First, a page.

“I do not reprimand people for their beliefs. We do address behavioral issues, but as a university, we have to respect the vast spectrum of beliefs that exist on our campus, no matter how much I might disagree with them.”
Here, Alexander makes the distinction between “beliefs” and “behaviors” that critics of absolutist definitions of “free speech” have pointed out is often a false distinction. Alexander goes on to say that while he does not personally agree with MacDonald’s views, he thinks that the psychology department or other faculty bodies are best positioned to evaluate the situation — and that presidents and institutions should not speak out about faculty members. So, at the college and university level, administrators are handing-off the issue of McDonald’s antisemitism saying it’s not within their purview to evaluate individual professor’s research. (Someone tell that to Ward Churchill, I’m sure he’ll be thrilled to hear it.) The fact is: a content-free notion of academic freedom works often works against the support of equal protection. It’s a difficult issue and there is lots of work still to be done about how to effectively balance academic freedom with an institutional commitment to social justice and diversity. Yet, instead of taking on this difficult task, the administration at CSULB basically punted to the department level.
Next, let’s look at the departmental level. How is that someone with such questionable scholarship gets promoted not just once (tenure) but twice (to full)? This is where Beirich’s reporting gets really interesting for those of us who find the internecine battles of academia periodically fascinating. As it turns out, the psychology department at CSULB contributed to McDonald’s rise because it was so preoccupied by its own internal strife. From Beirich’s story:
“The department where MacDonald found a permanent home turned out to be a good place for someone interested in publishing things they might not want others to notice. Long troubled by internecine political battles, in 1994 CSULB’s psychology department was criticized by an external reviewer for being ‘devoid of open discussion of tough issues.’ Professors in that department, most of them only willing to speak on background because of fear of retribution from their colleagues, told the Report that the environment hasn’t changed much. The department hasn’t held faculty meetings in more than a decade, they say, and decisions, including those concerning academic tenure, are made by a small committee of full professors. ‘There’s always a lot of surprise among younger faculty that you don’t interact with your colleagues,’ one assistant professor told the Report. ‘We are all independent contractors, we have no department meetings, no social gatherings, and we don’t even know a lot of the senior faculty, let alone something about their research.’ “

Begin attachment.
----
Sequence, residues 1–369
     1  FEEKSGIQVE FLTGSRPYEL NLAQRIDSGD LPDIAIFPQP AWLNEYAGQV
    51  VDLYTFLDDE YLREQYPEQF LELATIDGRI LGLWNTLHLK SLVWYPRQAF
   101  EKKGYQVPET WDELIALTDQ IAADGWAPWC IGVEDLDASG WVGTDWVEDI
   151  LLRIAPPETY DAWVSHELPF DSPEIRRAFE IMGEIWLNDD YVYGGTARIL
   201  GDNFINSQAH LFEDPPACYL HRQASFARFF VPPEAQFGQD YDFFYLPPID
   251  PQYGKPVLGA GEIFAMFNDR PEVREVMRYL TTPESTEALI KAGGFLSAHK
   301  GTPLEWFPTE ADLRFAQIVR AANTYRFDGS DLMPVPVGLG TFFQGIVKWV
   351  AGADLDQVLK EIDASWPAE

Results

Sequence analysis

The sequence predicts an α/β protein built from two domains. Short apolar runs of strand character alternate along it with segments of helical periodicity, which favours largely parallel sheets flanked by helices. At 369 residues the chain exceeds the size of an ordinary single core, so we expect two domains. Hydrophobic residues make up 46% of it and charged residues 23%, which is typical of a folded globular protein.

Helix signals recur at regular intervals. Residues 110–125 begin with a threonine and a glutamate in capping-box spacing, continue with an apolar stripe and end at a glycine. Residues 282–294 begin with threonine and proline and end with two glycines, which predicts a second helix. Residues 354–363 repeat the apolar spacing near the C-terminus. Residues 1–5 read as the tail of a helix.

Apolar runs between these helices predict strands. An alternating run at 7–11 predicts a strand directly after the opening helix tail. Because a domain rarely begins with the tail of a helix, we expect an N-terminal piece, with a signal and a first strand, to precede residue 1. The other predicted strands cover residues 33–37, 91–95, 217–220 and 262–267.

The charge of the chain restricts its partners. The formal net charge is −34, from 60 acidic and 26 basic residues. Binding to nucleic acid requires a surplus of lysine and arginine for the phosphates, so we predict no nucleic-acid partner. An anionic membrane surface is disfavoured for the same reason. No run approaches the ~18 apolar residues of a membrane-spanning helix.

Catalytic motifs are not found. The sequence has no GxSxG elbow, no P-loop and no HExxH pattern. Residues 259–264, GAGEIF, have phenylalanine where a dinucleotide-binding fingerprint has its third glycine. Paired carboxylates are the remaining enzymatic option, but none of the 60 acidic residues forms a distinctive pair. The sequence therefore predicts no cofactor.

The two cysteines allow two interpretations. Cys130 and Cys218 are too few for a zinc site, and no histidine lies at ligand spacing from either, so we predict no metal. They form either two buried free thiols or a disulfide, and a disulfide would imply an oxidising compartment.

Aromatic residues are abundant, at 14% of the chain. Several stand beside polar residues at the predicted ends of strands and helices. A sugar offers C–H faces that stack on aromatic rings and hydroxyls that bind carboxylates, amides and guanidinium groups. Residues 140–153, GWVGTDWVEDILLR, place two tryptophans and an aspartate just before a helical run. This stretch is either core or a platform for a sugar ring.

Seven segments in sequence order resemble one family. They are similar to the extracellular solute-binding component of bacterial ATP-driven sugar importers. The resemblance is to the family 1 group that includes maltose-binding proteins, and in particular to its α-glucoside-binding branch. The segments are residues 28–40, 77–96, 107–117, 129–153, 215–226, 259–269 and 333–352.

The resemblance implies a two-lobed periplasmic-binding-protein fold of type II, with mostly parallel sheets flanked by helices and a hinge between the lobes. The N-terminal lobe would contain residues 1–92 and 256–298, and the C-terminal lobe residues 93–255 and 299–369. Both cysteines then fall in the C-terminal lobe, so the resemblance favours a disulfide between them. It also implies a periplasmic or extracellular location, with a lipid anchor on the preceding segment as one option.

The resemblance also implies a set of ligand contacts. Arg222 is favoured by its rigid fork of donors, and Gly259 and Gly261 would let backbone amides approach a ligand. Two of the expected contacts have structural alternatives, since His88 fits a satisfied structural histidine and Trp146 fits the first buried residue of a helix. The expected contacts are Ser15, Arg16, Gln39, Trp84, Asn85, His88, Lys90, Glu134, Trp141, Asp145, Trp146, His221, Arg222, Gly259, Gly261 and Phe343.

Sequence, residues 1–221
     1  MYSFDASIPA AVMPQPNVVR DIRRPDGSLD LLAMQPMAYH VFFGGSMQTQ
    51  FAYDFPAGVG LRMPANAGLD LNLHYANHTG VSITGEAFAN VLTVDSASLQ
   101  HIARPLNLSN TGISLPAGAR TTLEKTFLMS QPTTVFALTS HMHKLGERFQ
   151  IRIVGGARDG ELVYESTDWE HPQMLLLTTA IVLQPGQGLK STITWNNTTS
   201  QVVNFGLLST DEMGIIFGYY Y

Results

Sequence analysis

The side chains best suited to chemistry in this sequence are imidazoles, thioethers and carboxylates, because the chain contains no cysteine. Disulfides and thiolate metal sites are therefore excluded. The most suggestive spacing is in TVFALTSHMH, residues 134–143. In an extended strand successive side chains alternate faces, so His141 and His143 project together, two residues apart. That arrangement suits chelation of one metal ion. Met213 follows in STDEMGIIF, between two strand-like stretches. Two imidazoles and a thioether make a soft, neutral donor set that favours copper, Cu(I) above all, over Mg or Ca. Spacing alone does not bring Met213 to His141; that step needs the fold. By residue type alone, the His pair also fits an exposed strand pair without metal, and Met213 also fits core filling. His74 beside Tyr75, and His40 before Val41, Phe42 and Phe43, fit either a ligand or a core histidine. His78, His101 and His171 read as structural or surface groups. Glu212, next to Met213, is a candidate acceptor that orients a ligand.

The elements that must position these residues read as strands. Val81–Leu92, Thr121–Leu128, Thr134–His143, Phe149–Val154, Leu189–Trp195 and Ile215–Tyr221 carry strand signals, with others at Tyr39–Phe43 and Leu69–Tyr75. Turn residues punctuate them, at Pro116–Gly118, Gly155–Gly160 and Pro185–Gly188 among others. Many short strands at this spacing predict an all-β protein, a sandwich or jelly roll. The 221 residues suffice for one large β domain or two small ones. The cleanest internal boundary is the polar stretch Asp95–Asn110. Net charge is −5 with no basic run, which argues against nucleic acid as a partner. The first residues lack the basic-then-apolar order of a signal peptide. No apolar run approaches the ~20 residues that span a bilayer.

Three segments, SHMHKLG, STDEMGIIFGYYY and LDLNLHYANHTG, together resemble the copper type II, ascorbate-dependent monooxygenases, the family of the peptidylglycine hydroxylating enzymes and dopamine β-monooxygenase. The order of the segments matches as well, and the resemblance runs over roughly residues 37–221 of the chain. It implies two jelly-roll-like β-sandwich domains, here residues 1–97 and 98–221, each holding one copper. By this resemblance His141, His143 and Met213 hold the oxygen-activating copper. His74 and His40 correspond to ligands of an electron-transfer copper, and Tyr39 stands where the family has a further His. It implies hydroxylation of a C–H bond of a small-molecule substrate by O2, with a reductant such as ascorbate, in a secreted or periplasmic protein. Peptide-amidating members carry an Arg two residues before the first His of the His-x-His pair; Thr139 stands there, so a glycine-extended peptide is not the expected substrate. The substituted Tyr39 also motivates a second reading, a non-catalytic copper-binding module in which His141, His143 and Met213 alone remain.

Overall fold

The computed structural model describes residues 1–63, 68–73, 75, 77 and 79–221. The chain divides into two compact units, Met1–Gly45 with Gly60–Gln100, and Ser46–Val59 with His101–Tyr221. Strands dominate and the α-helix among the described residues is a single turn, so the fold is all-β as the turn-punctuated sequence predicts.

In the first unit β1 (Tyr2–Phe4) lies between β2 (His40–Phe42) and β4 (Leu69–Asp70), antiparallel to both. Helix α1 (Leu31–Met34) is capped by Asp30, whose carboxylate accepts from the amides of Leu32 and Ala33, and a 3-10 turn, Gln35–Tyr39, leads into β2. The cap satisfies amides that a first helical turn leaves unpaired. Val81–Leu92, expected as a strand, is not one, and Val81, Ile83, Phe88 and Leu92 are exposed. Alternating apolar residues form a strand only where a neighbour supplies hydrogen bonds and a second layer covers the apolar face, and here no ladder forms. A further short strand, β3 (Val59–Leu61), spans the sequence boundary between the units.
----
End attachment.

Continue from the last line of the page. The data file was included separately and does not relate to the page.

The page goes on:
Part of the function of academic departments is the exchange of ideas among colleagues and putting those ideas out for professional peers to critique. Clearly, this did not happen to McDonald within the department at CSULB. So, did everyone across the political spectrum in the psych department getting the benefit of being left alone as “independent contractors”? It appears not. Beirich continues:
“Professor Michael Connor seconded those comments, telling the Report that it made sense someone like MacDonald had prospered in his department. ‘It’s not surprising that this happened here,’ said Connor, the first black professor hired in the department, in the early 1970s. Connor pointed out that most of his senior colleagues were well aware of MacDonald’s views and that MacDonald, in line with his dislike of minority rights, had been very outspoken over the years against ethnic studies programs and diversity efforts. Saying that he would not have taught all these years at CSULB if it weren’t for his love of his students and the Black Psychology Students Association he advises, Connor labeled the department ‘a hostile work environment’ where he had ‘experienced any number of racist incidents.’ MacDonald faced no such challenges. In 1994, in fact, he was promoted to full professor.”
So while the university administration hands off the responsibility for reviewing McDonald’s scholarship to the department, the department does nothing to stop McDonald under the guise of “academic freedom.” Yet, at the same time an African American professor in the department experiences a “hostile work environment.” Once again, the supposedly universal protection of “academic freedom” runs counter to the equal protection of all. The professor espousing antisemitism is “protected” while the professor who supports minority rights is left vulnerable to racist attacks. And, no one’s talking about this — or anything else — because they are not even holding departmental faculty meetings. As anyone knows who has sat through a faculty meeting, these are rarely lofty exchanges of ideas, and more often a painful exercise in discussing bureaucratic miniutia, but the fact that McDonald was never subjected to any sort of intellectual scrutiny from his closest peers means that the content of his scholarship got tacit approval from them. And, his department colleagues followed that implied approval with explicit, formal approval in the form of tenure and promotion to full. Since then, there has been action on the part of departmental colleagues to bring some sort of action against McDonald, but as one CSULB told Beirich of her investigation:
“You are 6-7 years too late … “
And, within the rules of the academic freedom, this is true. The challenge of finding ways to counter McDonald’s antisemitism now that he’s tenured is much more difficult than having that same discussion before he was promoted. Usually the way it works at the department level is that there is a rigorous review of a candidate’s scholarship before recommending them to the university for promotion. The move to tenure is a seal of approval that the scholarship this person is engaged in, even if unpopular, is within the bounds of “knowledge creation,” rather than say, propaganda or “pseudo-science.” Those in the field outside CSULB, such as Steven Pinker, in psychology at Harvard University, have not reviewed MacDonald’s favorably; indeed, Pinker says his work fails “basic tests of scientific credibility.” Yet, at the department level just as at the university level, no one was talking about what constitutes “knowledge,” or having the hard discussions about how to balance academic freedom with a commitment to social justice and diversity. No doubt many of those on the promotion and hiring committee assumed that because McDonald was publishing in peer-reviewed journals, his scholarship must be legitimate.